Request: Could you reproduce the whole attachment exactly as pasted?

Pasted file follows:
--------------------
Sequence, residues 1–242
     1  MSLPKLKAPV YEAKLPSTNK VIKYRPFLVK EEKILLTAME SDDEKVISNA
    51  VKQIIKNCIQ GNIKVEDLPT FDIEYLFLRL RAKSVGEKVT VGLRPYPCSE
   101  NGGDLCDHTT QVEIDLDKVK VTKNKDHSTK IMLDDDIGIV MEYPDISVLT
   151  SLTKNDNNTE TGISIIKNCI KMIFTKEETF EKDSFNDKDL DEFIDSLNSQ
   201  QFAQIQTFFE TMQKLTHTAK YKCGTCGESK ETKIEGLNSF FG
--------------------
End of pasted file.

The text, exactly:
Sequence, residues 1–242
     1  MSLPKLKAPV YEAKLPSTNK VIKYRPFLVK EEKILLTAME SDDEKVISNA
    51  VKQIIKNCIQ GNIKVEDLPT FDIEYLFLRL RAKSVGEKVT VGLRPYPCSE
   101  NGGDLCDHTT QVEIDLDKVK VTKNKDHSTK IMLDDDIGIV MEYPDISVLT
   151  SLTKNDNNTE TGISIIKNCI KMIFTKEETF EKDSFNDKDL DEFIDSLNSQ
   201  QFAQIQTFFE TMQKLTHTAK YKCGTCGESK ETKIEGLNSF FG